Getting into town from the airport is easy – the metro will take you right to the city centre. There are some really good hostels near Chinatown. Five Stones Hostel and 5 Foot Way Inn are both good choices with quiet rooms and helpful staff. They are both within walking distance of some of the best dinner options the city has to offer. In Chinatown itself, steam billows from the dim sum cafés and hot wok noodle stands lining the narrow streets. For a taste of traditional South East Asia throw yourself in to a hawker centre. These indoor centres might not be on the open streets, but dirt-cheap dishes, crowds of locals and Malay, Chinese and Indian spices make it feel authentic enough. If street food isn’t your thing, a short walk takes you to the Colonial riverside where wooden bumboats potter down the water during the day and the swanky restaurants and bars overlooking the water come alive at night. A word of warning though –the dirt cheap beer prices of SE Asia don’t extend as far as Singapore and beer is expensive across the city.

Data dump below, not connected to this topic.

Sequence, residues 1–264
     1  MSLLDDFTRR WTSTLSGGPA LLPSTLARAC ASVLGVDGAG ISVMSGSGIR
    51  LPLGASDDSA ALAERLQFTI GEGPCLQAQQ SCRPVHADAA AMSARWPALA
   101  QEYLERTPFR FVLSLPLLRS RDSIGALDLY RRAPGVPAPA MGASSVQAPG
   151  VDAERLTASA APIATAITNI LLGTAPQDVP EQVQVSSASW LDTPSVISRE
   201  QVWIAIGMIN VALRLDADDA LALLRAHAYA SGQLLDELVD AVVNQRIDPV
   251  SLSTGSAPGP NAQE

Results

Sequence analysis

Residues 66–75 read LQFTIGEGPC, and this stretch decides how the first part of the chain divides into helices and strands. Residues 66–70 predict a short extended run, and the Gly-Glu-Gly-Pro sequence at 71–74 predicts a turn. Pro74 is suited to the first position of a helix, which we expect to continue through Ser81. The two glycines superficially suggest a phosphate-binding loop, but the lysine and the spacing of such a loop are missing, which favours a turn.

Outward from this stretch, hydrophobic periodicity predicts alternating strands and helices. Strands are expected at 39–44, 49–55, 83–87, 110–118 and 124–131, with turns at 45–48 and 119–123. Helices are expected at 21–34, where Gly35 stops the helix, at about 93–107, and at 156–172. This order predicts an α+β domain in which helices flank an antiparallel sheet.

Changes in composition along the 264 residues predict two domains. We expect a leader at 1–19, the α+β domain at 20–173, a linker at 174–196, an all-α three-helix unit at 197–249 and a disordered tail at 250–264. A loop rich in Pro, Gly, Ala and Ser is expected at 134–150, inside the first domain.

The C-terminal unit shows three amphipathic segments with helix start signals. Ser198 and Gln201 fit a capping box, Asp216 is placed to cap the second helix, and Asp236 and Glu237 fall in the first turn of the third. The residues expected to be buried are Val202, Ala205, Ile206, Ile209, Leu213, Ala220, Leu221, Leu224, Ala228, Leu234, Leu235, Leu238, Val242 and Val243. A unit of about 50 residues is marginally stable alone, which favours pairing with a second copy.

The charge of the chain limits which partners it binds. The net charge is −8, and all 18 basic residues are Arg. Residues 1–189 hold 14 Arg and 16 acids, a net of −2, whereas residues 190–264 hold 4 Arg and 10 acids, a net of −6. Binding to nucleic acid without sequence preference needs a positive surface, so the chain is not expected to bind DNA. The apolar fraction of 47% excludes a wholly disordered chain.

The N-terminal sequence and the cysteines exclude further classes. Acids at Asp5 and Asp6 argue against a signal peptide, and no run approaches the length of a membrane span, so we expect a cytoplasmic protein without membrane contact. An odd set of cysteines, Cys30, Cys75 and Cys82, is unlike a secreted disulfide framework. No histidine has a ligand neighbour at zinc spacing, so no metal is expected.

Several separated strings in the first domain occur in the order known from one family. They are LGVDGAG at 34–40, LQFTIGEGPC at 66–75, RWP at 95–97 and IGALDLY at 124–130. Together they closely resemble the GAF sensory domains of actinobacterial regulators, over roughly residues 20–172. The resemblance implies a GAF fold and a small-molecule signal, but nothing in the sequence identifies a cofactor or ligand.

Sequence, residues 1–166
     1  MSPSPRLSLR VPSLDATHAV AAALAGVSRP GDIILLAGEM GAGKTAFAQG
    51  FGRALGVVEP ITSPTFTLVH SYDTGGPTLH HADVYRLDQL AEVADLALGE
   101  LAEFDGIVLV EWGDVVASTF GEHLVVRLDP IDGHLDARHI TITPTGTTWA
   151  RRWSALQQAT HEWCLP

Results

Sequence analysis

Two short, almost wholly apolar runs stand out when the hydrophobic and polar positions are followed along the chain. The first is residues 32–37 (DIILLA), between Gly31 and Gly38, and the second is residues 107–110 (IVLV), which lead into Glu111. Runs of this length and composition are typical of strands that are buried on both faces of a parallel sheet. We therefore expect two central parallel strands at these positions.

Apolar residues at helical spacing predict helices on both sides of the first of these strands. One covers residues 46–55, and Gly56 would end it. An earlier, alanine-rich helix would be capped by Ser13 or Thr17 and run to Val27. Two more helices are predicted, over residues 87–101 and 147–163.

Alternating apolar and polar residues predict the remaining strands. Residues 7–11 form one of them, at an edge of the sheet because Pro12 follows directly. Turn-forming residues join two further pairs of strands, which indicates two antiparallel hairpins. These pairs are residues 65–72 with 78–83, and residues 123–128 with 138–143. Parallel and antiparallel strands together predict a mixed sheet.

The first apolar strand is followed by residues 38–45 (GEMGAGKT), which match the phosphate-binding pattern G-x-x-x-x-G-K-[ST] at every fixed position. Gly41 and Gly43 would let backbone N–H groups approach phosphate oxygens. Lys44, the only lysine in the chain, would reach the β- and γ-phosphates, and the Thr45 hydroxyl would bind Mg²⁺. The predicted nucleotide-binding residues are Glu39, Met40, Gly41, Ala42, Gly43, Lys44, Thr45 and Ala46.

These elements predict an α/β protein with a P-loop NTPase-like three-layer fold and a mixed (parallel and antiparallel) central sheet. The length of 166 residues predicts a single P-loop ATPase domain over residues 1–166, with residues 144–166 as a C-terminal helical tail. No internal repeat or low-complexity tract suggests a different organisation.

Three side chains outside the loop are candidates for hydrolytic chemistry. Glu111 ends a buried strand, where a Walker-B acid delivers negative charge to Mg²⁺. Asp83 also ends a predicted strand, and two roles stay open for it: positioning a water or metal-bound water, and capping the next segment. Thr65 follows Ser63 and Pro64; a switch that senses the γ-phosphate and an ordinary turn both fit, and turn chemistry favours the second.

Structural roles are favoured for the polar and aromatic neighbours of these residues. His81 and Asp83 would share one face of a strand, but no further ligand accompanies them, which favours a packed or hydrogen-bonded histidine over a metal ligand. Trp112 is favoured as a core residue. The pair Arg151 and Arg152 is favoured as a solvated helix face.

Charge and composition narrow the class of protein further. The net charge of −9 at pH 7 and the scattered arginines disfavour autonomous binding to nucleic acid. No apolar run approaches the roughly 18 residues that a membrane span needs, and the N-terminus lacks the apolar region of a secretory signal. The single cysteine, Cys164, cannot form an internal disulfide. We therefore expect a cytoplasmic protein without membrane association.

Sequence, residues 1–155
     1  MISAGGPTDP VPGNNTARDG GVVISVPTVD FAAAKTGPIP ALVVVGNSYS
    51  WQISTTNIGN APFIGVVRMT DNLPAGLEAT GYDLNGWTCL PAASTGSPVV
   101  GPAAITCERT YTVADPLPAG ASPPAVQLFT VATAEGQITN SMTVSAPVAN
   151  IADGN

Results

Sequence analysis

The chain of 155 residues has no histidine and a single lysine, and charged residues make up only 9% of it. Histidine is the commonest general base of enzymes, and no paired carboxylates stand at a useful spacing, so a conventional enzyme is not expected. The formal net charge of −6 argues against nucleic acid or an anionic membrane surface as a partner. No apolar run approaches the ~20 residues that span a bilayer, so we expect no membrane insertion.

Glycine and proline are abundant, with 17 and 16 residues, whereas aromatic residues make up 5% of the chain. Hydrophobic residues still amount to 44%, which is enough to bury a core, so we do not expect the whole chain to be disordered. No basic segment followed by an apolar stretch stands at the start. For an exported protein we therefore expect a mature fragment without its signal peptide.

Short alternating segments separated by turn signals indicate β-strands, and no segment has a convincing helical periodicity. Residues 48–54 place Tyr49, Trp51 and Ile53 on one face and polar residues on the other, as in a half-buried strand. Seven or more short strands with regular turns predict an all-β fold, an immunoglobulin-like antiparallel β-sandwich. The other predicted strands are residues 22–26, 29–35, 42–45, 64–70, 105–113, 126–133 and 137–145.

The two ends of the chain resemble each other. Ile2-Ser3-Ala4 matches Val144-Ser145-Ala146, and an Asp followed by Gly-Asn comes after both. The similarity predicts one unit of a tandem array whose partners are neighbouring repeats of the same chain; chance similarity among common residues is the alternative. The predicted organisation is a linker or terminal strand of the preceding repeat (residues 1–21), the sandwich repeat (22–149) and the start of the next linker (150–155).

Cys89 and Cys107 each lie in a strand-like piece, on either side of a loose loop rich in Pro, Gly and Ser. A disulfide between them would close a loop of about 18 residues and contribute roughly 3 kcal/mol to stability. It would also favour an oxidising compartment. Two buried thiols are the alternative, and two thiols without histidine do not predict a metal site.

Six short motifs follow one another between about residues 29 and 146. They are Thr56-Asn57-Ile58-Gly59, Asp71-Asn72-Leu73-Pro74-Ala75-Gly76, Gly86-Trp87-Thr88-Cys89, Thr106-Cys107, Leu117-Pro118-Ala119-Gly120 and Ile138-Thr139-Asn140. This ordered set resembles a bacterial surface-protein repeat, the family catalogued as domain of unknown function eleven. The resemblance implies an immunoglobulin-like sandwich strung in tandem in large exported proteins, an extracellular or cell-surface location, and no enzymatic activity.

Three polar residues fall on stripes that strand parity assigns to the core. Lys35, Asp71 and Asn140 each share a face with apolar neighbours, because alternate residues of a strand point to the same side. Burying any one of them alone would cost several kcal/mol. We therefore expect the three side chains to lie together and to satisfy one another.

Be sure to pop in to the Long Bar at Raffles Hotel at least once during your time in Singapore for a Singapore Sling – creative lubricant for literary heroes such as Somerset Maugham and Joseph Conrad. Perhaps you’ll pen your own magnum opus sipping a cocktail, perched in a wicker chair in the grounds of this iconic hotel.

Hindu Temple

Days can be spent pawing through technology malls that feel as though you’ve stepped into a Science Fiction film and anyone into serious shopping (or serious window shopping) could spend days drifting in and out of opulent malls filled with every designer shop under the sun on Orchard Road. Trawl through the riot of colour that is Little India for spices and silks. The painted wooden shutters and colonial-style buildings feel a world away from the towering metropolis beyond. For a break from all the chaos, duck into a tranquil Hindu temple where everything is calm.